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safety glasses

laserlover

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why doesnt some company just make safety glasses that protect against red, blue, green, violet, and ir light? i mean i would pay 200 dollars for safety glasses that would protect me from all laser accidents! i considered buying all the safety glasses out there, taking the lenses, and putting them together for the ultimate safety glasses but realized that it would cost 250+ dollars plus my time and effort! who cares if they are a 1/2 inch thick if my eyes are safe!
 

Razako

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Because if you block out red, green and blue you have effectively blocked out most visible light and you won't be able to see a thing through them.
 

styropyro

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If you want to block out all of those colors (not just specific wavelengths) you are basically asking for something like this:


There are some goggles that block out a few wavelengths though, check out OEM laser systems for those.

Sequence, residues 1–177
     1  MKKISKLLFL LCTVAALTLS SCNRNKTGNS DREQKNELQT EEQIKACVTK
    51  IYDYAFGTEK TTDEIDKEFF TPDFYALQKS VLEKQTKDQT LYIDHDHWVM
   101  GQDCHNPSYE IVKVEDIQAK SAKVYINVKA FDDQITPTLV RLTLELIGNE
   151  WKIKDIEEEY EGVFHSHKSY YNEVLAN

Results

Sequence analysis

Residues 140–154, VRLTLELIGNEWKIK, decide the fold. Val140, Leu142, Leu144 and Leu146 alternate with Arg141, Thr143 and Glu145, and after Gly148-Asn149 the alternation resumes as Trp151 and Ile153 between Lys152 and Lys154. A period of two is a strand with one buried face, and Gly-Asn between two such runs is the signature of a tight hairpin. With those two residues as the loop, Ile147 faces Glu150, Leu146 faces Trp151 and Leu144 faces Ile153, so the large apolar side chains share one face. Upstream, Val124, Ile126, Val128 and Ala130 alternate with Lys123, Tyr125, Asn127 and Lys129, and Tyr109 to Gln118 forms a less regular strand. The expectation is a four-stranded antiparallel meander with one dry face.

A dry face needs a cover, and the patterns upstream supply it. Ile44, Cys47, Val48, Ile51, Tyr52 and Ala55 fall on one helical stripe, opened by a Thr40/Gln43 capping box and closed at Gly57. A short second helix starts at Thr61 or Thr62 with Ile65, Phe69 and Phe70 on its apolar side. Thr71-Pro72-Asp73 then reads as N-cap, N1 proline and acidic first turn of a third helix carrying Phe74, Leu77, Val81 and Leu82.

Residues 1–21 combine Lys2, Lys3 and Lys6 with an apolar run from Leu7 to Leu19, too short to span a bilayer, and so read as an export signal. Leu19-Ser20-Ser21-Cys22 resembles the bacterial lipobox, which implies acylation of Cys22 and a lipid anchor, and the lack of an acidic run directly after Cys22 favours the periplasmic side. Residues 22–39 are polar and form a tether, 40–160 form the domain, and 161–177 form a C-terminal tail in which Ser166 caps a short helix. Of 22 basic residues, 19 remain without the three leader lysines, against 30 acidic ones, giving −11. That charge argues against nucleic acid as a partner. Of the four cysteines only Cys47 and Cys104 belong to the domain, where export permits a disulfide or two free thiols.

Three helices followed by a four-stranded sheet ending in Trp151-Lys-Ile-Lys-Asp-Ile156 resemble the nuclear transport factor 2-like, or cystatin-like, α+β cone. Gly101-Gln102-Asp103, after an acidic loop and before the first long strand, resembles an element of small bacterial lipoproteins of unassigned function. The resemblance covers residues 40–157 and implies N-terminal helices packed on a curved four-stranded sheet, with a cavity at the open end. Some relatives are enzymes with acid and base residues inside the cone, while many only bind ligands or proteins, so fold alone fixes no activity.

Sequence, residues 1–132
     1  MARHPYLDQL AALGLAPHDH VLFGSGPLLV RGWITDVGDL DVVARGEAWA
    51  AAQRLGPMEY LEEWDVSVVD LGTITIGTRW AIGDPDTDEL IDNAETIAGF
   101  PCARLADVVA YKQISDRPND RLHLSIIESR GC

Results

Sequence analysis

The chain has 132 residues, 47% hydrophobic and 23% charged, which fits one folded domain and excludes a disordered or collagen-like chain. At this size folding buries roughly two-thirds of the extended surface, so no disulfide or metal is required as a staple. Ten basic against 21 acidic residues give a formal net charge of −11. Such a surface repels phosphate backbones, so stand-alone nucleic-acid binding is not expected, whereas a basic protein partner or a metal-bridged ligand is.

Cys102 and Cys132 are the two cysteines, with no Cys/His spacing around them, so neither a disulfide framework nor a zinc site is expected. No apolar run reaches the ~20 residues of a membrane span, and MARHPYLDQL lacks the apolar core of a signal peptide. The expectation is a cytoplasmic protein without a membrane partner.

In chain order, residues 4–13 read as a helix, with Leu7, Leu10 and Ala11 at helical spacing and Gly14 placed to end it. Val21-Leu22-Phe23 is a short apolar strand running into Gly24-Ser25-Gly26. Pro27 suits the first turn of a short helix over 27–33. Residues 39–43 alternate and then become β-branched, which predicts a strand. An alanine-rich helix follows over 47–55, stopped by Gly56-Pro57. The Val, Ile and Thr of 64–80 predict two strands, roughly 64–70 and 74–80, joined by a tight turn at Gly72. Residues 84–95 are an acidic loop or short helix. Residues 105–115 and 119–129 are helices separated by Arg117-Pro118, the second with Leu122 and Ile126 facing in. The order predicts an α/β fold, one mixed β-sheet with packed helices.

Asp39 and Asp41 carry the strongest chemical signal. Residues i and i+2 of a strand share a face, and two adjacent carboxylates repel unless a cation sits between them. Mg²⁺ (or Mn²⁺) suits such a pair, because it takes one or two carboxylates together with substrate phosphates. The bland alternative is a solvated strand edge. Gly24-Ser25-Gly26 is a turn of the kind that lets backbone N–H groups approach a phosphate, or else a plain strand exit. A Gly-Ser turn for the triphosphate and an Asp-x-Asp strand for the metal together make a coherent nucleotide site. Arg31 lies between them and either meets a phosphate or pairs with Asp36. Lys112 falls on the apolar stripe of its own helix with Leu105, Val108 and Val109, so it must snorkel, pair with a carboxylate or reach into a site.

FrothyChimp

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Take a look at the difference between these two sets of glasses. One set is broadband with specific wavelengths selected. The other is a broadband with all wavelengths selected

Broadband (specific wavelengths)
http://store.oemlasersystems.com/index.php?main_page=product_info&cPath=32_7_17&products_id=246
These really don't cover blue but do cover pretty much the targeted wavelengths for common low output laser systems in the visible range with higher OD in the IR.

Broadband (no specific wavelengths)
http://store.oemlasersystems.com/index.php?main_page=product_info&cPath=32_7_17&products_id=259
These give you protection across the visible spectrum but look at the visible light transmission (VLT), it's only 2%. You would have a tough time seeing with those on but then again if you are in a super bright laboratory maybe they wouldn't be so bad.

One thing you have to keep in mind when purchasing protective eyewear: They were never designed for hobbyists. That is why it is difficult to find specifically targeted lenses across the entire spectrum because that is not what happens in industry or research. I hate to tell you but the market forces at work here are not in favor of the enthusiast. As such you often need two to three pair of glasses to cover the hobbyist spectrum of lasers.
 




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